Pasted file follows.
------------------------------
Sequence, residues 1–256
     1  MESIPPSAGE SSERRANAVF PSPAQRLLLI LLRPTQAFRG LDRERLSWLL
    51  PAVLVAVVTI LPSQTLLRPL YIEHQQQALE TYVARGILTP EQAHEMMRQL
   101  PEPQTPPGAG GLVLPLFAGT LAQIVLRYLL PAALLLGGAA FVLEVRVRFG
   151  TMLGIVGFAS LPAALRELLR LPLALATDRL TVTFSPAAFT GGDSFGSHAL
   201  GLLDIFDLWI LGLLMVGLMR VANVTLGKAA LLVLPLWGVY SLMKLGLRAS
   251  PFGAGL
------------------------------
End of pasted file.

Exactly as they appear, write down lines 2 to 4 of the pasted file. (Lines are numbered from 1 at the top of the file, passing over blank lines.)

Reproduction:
     1  MESIPPSAGE SSERRANAVF PSPAQRLLLI LLRPTQAFRG LDRERLSWLL
    51  PAVLVAVVTI LPSQTLLRPL YIEHQQQALE TYVARGILTP EQAHEMMRQL
   101  PEPQTPPGAG GLVLPLFAGT LAQIVLRYLL PAALLLGGAA FVLEVRVRFG